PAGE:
Aug. 19, 2005 -- -- Hospitals haven't seen as many stars in one week since the last season of "ER" finished shooting.
Madonna started the trend, as usual, when she was in the hospital with several broken bones after being thrown by a horse on her birthday. Then, Eva Longoria visited the hospital after hitting her head on the set of "Desperate Housewives."
Both are recovering from their injuries.
While most people have health insurance to cover medical costs, celebrities -- who have so much riding on their physical appearance -- often have extra insurance policies, sometimes just on specific "assets."
Betty Grable started the trend of insuring individual body parts when she insured her legs for $1 million in 1940. Since then, celebs from dancer-actor Fred Astaire to singer-actress Dolly Parton have had one body part or another covered by a policy.
The trend of insuring one part of the body has faded in favor of insuring the entire person, but there are several celebs who have put a premium on one particular part in the past:
• Astaire insured his legs for $75,000 apiece and his wrists and arms for $20,000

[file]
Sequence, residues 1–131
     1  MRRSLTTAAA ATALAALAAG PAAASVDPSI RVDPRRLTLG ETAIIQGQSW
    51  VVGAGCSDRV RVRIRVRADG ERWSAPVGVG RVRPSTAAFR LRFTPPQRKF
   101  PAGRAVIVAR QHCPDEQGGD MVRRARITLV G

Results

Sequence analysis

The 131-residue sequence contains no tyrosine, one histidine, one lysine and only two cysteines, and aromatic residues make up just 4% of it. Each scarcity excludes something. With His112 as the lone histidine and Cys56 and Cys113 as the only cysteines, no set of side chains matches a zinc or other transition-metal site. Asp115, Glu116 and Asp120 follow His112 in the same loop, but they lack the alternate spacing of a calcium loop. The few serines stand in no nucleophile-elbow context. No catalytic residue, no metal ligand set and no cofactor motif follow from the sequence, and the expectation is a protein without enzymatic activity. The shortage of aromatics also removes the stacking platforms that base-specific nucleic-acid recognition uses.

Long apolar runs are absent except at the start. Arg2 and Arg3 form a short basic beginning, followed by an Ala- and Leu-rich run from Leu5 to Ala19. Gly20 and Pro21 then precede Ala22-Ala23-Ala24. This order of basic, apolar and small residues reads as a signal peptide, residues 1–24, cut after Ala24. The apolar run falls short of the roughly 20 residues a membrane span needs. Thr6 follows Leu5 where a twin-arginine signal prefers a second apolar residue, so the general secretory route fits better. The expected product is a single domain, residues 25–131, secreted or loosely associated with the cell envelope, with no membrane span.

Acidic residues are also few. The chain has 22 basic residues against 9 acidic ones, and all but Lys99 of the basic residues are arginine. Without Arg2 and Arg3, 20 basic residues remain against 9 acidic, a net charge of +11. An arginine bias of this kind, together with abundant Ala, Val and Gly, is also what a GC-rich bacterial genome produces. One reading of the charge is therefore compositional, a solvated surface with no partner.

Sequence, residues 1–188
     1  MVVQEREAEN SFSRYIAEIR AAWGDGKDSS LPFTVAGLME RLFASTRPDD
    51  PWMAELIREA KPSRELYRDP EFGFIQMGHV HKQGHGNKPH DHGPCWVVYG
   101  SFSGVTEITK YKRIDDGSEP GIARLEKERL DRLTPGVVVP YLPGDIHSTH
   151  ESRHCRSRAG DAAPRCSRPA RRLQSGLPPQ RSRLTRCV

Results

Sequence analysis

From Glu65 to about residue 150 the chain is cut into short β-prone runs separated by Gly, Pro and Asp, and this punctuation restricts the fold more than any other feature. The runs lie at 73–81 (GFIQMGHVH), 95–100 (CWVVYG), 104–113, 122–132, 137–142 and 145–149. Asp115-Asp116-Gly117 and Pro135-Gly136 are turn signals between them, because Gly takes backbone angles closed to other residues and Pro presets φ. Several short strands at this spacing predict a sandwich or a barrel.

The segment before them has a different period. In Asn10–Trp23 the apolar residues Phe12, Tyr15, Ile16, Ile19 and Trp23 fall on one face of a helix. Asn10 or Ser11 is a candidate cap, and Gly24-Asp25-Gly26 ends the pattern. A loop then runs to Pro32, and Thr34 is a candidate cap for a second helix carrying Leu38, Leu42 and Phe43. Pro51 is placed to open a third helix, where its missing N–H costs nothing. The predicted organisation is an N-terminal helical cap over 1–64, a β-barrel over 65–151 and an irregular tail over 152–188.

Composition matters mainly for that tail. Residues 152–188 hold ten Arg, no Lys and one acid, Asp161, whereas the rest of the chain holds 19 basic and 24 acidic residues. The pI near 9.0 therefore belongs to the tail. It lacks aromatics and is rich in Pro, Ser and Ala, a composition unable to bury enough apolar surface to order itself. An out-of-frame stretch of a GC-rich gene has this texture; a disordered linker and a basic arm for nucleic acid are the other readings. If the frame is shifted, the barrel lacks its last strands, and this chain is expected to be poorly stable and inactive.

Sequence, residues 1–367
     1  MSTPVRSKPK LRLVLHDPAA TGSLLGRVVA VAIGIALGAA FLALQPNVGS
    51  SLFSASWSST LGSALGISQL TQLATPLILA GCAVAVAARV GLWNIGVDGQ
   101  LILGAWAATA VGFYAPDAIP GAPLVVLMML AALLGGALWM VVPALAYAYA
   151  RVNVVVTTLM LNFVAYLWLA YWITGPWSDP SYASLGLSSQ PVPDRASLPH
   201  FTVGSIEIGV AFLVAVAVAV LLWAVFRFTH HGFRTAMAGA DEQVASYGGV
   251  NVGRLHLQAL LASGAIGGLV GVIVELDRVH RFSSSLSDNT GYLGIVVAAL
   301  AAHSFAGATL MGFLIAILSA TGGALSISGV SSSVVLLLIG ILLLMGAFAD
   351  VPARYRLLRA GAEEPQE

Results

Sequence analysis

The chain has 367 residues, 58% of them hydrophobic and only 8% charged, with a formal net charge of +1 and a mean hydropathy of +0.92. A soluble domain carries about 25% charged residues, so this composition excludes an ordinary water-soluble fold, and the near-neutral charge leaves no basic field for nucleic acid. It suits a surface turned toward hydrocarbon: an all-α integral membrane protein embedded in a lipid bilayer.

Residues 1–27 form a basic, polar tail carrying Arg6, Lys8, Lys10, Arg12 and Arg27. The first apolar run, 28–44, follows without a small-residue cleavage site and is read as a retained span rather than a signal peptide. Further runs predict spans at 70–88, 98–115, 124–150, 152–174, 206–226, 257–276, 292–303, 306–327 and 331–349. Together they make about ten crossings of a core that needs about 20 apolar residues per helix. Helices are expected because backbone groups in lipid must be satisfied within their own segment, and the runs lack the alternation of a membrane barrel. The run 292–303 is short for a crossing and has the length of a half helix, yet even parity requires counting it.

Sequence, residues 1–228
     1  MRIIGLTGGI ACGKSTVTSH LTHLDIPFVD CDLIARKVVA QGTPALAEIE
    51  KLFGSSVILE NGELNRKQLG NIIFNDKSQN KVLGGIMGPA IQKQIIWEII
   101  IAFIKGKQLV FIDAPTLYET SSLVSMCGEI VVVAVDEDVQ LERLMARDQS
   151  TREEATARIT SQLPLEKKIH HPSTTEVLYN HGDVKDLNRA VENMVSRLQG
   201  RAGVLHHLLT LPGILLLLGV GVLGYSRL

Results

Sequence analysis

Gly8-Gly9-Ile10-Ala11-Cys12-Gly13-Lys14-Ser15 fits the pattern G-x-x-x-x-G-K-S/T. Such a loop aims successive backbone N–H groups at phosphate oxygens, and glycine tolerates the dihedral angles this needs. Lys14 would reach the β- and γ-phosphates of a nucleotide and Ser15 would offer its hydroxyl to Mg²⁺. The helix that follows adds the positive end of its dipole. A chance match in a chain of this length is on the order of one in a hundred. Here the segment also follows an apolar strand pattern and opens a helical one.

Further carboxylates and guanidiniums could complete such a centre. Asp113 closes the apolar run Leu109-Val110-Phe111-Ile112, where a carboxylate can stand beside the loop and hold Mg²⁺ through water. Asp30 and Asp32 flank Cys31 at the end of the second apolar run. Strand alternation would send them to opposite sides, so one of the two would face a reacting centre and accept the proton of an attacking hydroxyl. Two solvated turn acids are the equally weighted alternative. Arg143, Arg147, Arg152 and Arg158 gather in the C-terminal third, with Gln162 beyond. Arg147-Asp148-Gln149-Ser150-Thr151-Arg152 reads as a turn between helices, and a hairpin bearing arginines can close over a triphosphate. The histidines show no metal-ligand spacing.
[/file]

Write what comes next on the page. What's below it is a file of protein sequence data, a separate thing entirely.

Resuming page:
• Parton's breasts are insured for $600,000
• Former baseball player Mark McGwire's ankle was insured during his record-setting season
• Model Heidi Klum's legs were insured for a one-shot ad
• Musicians who reputedly insured their voices: Bob Dylan, Rod Stewart, Bruce Springsteen (for $6 million) and the Beatles
While there are no estimates on how much a policy on Longoria's head might be, a representative from Accordia Insurance estimated a premium for the "Desperate Housewives" star is probably around $15,000 a year. That figure is to protect the production company from the loss of services of the actress, because it can cost between $75,000 (TV movie) and $400,000 (feature) to rearrange a shooting schedule.
The Accordia representative said that amount skyrockets when a show goes into syndication, because the financial stakes of a long-running show are much higher.
Often, production companies take out life insurance on key cast members. The policy on insuring a lynchpin stars, such as Kelsey Grammer of "Frasier," could be worth as much as $50 million to $100 million, because his loss would have such a great impact on the long-term financial worth of the show.
Most films and TV shows take out cast insurance. One insurance company estimated that for "Desperate Housewives," the premium could run anywhere from $75,000 to $100,000 to cover the entire cast.
Feature film insurance can run to $1 million for the entire cast for a movie with a $50 million budget. In general, insurance is 1 percent to 2 percent of the production budget.